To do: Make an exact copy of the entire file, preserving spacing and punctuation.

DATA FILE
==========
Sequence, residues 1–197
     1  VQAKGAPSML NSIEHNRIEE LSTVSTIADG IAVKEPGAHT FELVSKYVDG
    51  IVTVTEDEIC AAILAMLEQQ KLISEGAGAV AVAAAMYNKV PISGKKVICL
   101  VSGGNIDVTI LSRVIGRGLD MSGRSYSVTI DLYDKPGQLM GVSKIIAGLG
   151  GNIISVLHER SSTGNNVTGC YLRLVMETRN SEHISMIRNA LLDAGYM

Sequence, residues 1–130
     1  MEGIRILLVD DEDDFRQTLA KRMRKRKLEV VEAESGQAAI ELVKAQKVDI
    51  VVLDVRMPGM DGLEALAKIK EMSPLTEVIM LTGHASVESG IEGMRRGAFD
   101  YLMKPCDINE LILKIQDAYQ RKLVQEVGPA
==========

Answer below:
Sequence, residues 1–197
     1  VQAKGAPSML NSIEHNRIEE LSTVSTIADG IAVKEPGAHT FELVSKYVDG
    51  IVTVTEDEIC AAILAMLEQQ KLISEGAGAV AVAAAMYNKV PISGKKVICL
   101  VSGGNIDVTI LSRVIGRGLD MSGRSYSVTI DLYDKPGQLM GVSKIIAGLG
   151  GNIISVLHER SSTGNNVTGC YLRLVMETRN SEHISMIRNA LLDAGYM

Sequence, residues 1–130
     1  MEGIRILLVD DEDDFRQTLA KRMRKRKLEV VEAESGQAAI ELVKAQKVDI
    51  VVLDVRMPGM DGLEALAKIK EMSPLTEVIM LTGHASVESG IEGMRRGAFD
   101  YLMKPCDINE LILKIQDAYQ RKLVQEVGPA